American Parents Consider Their Teenagers Backseat Drivers

As many families take vacations this summer after a year indoors, parents have to set some ground rules to avoid a situation where their kids become “backseat drivers.”

A survey of 2.000 parents with teenagers finds 3 in 10 participants believe their teen is the family’s backseat driver. Only 23% had the same opinion on their partner.

Signs of a backseat driver

The poll also analyzed the added pressure that backseat drivers can mount on travel and the actual driver behind the wheel, especially when a parent is a passenger. Complaining that you are too slow (37%), white-knuckling the dashboard (36%), and giving unsolicited opinions on where you should turn (49%) are top signs that the backseat driver is among you.

More than 7 in 10 Americans (73%) said that at least one member of their immediate family is a backseat driver. The study also finds that two-thirds of the participants have either taught their child how to drive or are currently teaching them traffic rules. Among these parents, 80% admit that they turn into backseat drivers when their children are behind the wheel.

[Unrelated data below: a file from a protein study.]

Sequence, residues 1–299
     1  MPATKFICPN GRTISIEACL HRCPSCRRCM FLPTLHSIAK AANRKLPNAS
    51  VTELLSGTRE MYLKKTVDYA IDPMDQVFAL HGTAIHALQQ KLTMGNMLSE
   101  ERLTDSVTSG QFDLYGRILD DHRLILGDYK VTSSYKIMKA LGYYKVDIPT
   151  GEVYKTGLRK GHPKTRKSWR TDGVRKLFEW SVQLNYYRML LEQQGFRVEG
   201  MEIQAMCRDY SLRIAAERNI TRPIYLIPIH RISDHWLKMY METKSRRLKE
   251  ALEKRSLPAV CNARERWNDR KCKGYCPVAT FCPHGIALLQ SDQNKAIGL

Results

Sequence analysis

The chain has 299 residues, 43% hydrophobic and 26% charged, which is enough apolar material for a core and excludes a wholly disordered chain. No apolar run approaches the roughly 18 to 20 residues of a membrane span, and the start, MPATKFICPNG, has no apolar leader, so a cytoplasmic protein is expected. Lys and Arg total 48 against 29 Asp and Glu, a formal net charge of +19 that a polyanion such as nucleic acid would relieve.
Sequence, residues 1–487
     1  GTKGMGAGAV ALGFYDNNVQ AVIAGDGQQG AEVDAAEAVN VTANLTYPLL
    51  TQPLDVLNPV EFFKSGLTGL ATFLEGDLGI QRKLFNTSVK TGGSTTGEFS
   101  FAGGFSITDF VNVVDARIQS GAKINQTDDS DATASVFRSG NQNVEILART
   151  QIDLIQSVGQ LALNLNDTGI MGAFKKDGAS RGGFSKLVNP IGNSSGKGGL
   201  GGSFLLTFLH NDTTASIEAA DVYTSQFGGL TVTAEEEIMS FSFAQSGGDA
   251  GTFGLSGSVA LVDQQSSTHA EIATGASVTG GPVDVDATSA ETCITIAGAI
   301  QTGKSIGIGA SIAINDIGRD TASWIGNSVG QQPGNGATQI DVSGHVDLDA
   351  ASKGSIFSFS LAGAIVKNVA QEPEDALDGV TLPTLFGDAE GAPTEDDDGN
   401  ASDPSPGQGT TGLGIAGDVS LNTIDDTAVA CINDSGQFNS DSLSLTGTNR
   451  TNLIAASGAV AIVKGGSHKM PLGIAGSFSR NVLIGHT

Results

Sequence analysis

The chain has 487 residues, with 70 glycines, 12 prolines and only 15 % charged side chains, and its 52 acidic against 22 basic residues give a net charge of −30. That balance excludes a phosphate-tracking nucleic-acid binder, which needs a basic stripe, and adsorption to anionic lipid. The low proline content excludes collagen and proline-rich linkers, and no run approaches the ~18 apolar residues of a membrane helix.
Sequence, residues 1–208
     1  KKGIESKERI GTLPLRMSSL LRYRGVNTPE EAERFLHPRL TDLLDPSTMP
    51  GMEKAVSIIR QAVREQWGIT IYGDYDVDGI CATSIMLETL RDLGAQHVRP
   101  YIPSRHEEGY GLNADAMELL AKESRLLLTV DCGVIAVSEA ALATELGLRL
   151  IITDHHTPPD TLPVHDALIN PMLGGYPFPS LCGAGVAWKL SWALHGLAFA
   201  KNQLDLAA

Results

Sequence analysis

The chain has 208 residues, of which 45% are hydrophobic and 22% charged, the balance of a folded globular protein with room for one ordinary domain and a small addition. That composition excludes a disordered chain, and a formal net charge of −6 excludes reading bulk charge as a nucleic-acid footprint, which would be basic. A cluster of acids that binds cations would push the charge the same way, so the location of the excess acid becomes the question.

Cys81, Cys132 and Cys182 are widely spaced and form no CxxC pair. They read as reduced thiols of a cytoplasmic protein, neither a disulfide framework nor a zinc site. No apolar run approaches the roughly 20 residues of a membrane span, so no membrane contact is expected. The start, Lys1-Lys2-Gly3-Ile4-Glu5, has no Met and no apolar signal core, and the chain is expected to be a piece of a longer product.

OnePoll surveyed on behalf of Smith Micro Software. It further examined how parents feel about allowing their children to roam the open roads independently for the first time. A surprising 62% said they were uncomfortable when their teen went driving without adult supervision. Most concerns were around tech, with about 70% of the parents saying that modern teens are most likely to cause an accident because of smartphones.

The results revealed that half of the ‘distracted’ driving behaviors parents are concerned about is phone-related. William W. Smith Jr, President, and CEO of Smith Micro, remark that this is further proof of smartphone distracted driving and the resulting accidents as a widespread safety problem in modern society.

Dangerous behaviors behind the wheel

A fifth (21%) of parents consider using a smartphone the most dangerous driving behavior. An additional 16% say that talking on the phone and texting (13%) are the riskiest behaviors. Another 13% also cited driving with friends in the car as a dangerous distraction for teenagers.

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